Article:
Thus, while the Congress and caste parties like Samajwadi Party and the Bahujan Samaj Party were nursing exotic plants in named flower pots, ‘naamdaar’ style, Modi went about ploughing the whole field, carefully avoiding the pots. The harvest is there for all to see. Modi has a bumper crop and the others have come a cropper.

It was then a combination of the popular resentment against the cultural markings of the class of inheritors (‘naamdaars’) who had nothing to show but their privileged breeding and the failure of caste arithmetic that propelled Narendra Modi to victory. In the final analysis, one must admit, Narendra Modi is a better sociologist than most professionals in the business.


As Narendra Modi’s ‘naamdaar’ versus ‘kaamdaar’ slogan easily captivated millions, he had won what sociologists call ‘source credibility’. The status war that this distinction symbolised made immediate sense to many and did not require much persuasion. As Modi initiated this process, the mantle of ‘source credibility’ came easily to him.

With a high credibility rating on his side, there is a greater willingness to endorse other issues that Modi might wish to emphasise. These matters will tend not to be closely quizzed as he has already established his credibility stature

From this point on, with a high credibility rating on his side, there is a greater willingness to endorse other issues that Modi might wish to emphasise. These matters will tend not to be closely quizzed as he has already established his credibility stature. If anybody else were to raise similar issues the same people might want greater scrutiny. This, however, will not apply to Modi for he is now a ‘credible source’, a kind of truth fount who can’t be wrong.

For example, when Modi fired warning shots to alert India against Pakistan’s territorial ambitions, even those far away from the national borders, such as in Karnataka, were energised. Again, after the ‘surgical strike’ in Balakot by the Indian Air Force on Pakistani terrorist targets, any doubts of the efficacy of this action was treated as unpatriotic by many. Normally, it would take a victorious army marching into enemy territory, after a bitter war, for people to be so euphorically charged. But because Modi had already wowed hearts and established credibility among broad sections with his well-orchestrated attacks on ‘naamdaars’ that accolades for Balakot were handed readily to him. On the obverse side, and this is a collateral benefit, any questioning of the Government’s position on Balakot was seen as distasteful at the popular level. Yet, the Congress went on and on. Once again, it misread the graffiti on the wall.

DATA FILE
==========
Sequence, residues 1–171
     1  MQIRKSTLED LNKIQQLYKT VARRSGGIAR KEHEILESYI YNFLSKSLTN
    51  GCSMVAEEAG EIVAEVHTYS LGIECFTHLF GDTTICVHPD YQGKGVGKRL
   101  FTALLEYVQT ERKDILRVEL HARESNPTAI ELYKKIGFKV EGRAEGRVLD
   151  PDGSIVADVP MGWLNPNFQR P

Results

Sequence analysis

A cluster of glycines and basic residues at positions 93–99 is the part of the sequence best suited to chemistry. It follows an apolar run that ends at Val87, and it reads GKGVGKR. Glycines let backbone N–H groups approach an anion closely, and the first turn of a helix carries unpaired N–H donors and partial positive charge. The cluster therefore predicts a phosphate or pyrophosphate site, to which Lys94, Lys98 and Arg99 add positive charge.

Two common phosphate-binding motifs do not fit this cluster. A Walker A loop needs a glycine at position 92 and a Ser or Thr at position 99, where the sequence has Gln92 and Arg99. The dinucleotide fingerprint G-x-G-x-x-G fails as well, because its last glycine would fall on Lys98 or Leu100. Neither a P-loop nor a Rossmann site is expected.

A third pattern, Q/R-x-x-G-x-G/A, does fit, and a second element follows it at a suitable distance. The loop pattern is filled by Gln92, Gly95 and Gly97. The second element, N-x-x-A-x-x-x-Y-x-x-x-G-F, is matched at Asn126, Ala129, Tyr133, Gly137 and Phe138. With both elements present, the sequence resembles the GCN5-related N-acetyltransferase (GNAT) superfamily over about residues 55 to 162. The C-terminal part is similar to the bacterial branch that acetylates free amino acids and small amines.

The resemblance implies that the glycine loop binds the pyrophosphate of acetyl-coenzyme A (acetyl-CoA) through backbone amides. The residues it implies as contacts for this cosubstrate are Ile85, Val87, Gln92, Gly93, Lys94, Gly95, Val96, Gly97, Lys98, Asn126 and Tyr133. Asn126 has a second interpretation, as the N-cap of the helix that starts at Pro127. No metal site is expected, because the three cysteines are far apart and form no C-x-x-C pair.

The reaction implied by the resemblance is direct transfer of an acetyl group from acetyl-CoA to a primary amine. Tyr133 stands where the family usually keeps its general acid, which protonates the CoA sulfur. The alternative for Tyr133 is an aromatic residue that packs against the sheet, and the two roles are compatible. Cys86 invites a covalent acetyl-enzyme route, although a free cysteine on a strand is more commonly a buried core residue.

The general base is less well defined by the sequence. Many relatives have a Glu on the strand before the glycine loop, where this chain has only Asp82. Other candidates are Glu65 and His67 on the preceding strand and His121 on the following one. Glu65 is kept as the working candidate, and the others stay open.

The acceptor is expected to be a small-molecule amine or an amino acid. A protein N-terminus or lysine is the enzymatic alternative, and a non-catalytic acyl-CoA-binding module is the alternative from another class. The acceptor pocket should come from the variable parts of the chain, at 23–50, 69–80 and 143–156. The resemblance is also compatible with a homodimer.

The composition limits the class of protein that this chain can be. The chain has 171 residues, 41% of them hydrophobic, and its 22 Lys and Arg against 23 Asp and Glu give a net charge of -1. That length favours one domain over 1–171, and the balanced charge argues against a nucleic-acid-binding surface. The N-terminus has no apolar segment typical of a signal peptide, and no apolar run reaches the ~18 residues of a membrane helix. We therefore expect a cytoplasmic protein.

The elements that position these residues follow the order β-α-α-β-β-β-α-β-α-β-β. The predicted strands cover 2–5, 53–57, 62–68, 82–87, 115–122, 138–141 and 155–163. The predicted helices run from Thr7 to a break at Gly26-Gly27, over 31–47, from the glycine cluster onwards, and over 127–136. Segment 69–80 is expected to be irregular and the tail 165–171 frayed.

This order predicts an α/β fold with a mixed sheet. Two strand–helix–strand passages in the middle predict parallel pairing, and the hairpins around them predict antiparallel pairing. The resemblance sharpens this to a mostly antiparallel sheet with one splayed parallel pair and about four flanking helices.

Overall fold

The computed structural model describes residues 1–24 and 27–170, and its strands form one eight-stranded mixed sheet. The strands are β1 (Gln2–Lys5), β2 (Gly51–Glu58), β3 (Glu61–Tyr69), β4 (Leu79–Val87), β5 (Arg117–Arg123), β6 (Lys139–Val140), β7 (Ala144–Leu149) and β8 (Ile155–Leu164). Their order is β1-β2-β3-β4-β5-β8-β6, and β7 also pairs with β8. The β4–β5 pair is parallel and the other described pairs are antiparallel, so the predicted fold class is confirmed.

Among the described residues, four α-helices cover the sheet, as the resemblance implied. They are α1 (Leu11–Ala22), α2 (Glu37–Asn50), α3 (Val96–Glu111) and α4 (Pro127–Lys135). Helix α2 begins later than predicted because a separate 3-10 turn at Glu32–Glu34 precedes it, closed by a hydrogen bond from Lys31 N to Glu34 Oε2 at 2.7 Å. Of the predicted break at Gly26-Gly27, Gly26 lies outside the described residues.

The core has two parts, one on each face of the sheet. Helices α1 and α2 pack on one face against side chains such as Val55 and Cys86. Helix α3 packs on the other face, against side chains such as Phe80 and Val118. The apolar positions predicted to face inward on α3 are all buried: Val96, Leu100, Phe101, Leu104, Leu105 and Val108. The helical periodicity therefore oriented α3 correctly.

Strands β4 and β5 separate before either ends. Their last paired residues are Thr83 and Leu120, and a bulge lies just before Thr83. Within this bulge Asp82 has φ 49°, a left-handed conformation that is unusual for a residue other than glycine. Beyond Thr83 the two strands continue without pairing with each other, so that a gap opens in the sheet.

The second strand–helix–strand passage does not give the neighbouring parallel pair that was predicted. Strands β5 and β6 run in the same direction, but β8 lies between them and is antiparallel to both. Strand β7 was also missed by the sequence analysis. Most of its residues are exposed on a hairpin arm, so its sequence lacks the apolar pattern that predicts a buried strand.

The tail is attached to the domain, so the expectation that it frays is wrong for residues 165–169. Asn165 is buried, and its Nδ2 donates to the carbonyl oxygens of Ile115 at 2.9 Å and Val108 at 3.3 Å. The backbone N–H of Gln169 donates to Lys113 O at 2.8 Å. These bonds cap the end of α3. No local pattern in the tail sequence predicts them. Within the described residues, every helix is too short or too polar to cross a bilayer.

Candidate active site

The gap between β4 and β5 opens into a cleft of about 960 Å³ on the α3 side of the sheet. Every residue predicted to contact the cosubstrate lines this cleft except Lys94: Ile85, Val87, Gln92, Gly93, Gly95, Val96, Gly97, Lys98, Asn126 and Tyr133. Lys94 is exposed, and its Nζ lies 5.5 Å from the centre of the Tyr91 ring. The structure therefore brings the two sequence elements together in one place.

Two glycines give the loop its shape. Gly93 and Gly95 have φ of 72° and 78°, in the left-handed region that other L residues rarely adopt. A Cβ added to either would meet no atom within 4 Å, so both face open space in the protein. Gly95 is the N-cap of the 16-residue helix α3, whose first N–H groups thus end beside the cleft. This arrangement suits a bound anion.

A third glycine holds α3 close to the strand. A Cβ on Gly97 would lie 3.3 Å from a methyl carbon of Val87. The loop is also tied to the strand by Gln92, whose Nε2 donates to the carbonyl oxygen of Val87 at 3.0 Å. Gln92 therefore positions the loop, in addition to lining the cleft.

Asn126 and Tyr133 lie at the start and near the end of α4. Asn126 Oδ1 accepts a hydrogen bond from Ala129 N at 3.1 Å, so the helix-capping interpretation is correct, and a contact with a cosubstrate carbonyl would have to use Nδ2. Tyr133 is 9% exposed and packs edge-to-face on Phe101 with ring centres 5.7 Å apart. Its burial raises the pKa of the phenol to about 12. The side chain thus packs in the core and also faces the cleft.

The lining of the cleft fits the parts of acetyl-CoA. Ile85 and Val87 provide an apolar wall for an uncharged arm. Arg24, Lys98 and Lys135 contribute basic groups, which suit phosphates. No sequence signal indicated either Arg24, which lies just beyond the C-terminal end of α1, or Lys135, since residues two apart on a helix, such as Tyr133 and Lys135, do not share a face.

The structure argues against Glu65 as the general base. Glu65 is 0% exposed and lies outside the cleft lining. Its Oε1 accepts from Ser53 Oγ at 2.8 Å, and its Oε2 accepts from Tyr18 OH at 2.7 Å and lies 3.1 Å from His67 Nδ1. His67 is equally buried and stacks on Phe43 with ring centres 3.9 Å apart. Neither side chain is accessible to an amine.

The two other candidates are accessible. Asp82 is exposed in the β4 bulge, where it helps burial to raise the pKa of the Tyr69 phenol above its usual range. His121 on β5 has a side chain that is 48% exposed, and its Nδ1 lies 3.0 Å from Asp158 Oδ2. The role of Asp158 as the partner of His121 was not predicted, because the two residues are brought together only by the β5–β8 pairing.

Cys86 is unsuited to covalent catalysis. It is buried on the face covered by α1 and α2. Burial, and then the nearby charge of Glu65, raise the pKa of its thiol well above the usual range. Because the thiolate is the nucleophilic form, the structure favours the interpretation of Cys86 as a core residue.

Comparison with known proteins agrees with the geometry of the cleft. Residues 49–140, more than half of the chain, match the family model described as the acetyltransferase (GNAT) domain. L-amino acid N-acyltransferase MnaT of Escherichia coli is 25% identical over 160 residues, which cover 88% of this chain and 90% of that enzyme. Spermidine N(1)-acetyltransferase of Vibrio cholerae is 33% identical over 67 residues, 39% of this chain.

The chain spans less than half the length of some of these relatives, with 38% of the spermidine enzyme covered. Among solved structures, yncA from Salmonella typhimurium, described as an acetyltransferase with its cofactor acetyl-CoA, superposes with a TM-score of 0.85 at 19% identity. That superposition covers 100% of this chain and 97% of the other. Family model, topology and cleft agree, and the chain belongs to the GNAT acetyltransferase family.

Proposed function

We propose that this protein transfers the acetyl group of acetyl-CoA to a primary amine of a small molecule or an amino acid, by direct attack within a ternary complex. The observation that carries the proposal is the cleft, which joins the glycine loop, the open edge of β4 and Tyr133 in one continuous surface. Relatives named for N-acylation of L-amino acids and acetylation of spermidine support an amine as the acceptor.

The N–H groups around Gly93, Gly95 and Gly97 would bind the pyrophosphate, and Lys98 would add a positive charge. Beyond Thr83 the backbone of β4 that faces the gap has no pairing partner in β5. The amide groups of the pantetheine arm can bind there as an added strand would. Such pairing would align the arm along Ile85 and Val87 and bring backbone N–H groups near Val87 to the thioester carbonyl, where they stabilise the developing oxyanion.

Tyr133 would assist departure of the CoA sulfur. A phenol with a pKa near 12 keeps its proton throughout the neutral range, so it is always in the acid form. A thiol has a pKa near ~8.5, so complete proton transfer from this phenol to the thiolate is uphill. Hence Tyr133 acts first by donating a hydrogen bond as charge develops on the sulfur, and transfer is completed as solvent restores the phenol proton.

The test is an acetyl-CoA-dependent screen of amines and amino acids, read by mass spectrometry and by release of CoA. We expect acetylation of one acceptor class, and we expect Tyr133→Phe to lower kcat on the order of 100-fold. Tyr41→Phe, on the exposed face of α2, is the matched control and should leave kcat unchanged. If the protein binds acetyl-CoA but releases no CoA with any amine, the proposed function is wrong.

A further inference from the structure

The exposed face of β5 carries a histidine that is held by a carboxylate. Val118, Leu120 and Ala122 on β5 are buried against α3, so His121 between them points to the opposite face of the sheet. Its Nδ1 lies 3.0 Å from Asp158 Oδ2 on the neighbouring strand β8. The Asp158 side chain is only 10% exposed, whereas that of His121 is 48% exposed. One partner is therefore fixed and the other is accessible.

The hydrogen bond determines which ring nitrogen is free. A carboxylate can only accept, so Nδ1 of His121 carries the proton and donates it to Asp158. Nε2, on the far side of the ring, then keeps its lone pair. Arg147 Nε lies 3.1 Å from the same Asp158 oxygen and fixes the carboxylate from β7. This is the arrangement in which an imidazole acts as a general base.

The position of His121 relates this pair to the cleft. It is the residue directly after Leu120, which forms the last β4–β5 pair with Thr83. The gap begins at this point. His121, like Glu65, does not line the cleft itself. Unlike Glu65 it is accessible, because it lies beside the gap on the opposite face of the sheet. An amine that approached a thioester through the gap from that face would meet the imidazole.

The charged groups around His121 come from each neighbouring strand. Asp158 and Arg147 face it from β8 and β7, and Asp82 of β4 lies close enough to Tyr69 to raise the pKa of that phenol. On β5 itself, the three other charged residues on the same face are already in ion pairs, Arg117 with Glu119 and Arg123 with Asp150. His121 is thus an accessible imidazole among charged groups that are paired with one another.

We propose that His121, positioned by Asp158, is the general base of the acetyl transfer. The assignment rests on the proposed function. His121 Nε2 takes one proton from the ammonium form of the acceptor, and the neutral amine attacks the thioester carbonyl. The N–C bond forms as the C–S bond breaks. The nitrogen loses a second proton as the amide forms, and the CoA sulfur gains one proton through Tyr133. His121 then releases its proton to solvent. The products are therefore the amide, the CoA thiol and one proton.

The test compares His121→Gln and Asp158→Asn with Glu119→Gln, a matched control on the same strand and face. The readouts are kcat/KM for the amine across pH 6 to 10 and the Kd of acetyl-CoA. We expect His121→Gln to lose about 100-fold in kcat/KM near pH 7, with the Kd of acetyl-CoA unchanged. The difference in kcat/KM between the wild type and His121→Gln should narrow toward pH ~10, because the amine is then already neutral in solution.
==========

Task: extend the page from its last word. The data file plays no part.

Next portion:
This aspect of ‘source credibility’ can be seen in other areas too. It has been seven decades since India became independent and there are many signs of development for which earlier Governments deserve credit. Literacy is up four times, infant mortality down there times, poverty percentages reduced by more than a third. What remain stubbornly present are low levels of meaningful employment, and now a high number of educated unemployed. The pressure point is not absolute poverty but ‘relative deprivation’. Politically speaking, this is much more incendiary, as it also carries a cultural baggage. As people are now better educated and also because urbanisation opens doors in one’s imagination, they demand much more than their poorer and less literate parents.

Under these conditions, expect the sense of relative deprivation to be heightened as there are now bagfuls of unrealised aspirations. A large number of the unemployed have degrees, but from lower-grade management and technical institutes. They know a little English, but feel the language barrier terribly. Add to this their complete rejection of their parents’ humble occupation, and one can get an idea how profound their sense of deprivation really is. They are ready to roll and are looking for leadership and direction. They were cheering on Anna Hazare in 2011, but that affair felt like a vacation crush; it started and ended so quickly. In Modi, however, they can see the prospects of a long relationship and have aligned their fates with his.

Modi promises to deliver on health, education, employment and says he wants more time; five years is just not enough. This explanation may not have held good for many others, but because Modi contrasted six decades of ‘naamdaar’ rule with but half-a- decade of his, the majority found his claim credible. After all, he is the first person to culturally confront the elite; if he could do that, he must also be right about the rest.

Winning credibility is somewhat like knowing how to cycle. Once you get it, you can’t quite lose it.